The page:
Hello everyone...I have a Trek 520 touring rig that I built up from a mid 90's (I think) era 520 frame, with a 1" threaded steerer and the stock 520 fork. I run Velocity Dyad rims and 700 x 35 tires. It has never been wrecked. It has never been loaded for touring, and I use it as my primary commuter. I've noticed that, if I take my hands off the bars when I ride, there is a pretty substantial front end shimmy. It happens at pretty much any speed, though it does get worse the faster I go.
Prior to this I had Mavic rims on the bike, and still had the wobble.
There could be several culprits:
- Check head set tightness.
- Check the tightness of the front wheel bearings. This one got me for a long time before I figured out what was happening.
- If it is a large frame,e.g., 60cm or larger it might be inherent in the frame. When the oscillation starts press your knee against the top tube as a damper.
- Check the "trueness" of your wheels.
Assuming that there isn't anything mechanically wrong (like a loose headset, sloppy axle bearings, loose spokes or something like that), shimmy can have a ton of causes- it can happen at a certain weight distribution with certain geometries and at certain speeds and certain frame and wheel flexibility. It's dangerous and scary. The Trek 520 was optimized for loaded touring, weight on the front and back. Eliminating unloaded shimmy when riding hands-free was probably not high on the design criteria. That being said- to get rid of your shimmy, the best thing to do is to not ride hands-free. When you do ride hands-free, hold your thigh against the top tube- that will damp the oscillation. If you really want to get rid of it, changing the fork to one with a lower rake will help- increases trail and adds stability at the cost of making the bike handle worse with a front load. A good 10 mm less fork rake will change things considerably.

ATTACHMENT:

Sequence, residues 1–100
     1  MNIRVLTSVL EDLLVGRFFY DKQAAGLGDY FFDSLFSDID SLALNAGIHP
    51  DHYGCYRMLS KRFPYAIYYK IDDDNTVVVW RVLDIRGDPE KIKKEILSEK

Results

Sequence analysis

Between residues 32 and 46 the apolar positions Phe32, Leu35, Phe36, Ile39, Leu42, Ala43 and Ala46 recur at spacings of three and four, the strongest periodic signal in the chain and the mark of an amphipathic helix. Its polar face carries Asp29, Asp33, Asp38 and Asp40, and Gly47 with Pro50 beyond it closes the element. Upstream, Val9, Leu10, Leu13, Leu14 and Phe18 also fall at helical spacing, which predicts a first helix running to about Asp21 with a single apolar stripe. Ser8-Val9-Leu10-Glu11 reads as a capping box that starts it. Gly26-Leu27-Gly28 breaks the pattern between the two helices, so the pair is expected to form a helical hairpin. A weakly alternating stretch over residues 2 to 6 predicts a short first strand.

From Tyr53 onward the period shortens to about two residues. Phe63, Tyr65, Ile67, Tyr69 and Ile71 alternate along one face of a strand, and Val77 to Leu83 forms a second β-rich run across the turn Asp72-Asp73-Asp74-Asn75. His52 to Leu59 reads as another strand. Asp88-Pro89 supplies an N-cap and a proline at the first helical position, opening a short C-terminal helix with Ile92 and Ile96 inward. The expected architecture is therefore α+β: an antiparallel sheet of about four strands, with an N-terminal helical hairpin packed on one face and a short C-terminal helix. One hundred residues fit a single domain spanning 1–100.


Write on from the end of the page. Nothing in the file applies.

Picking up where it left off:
This may sound crazy, but I had a bad wobble. When I removed the tire liners from my tires the wobble went away. The liners kept the tires from taking the shape that the tires should have when inflated.
Yeah, could be the tires. Try a new tire up there. To damp a shimmy, squeeze the top tube hard between your knees, move forward slightly to put more weight on your hands and put the rest of your weight in the pedals. Plus relax your grip. These suggestions are for a bad shimmy when descending, which is when it usually happens.
Hi everyone, and thanks for the suggestions. I've checked the suggested fixes, but so far nothing. Headset is good, tires were swapped for another set, hubs are good, etc. Fortunately it only happens if my hands are off the bars; when I'm holding them, even in a fast descent, there is no shimmy. I may try lengthening the derailleur cable housings on the front; the loops seem a little tight, and maybe they are putting uneven pressure on the forks.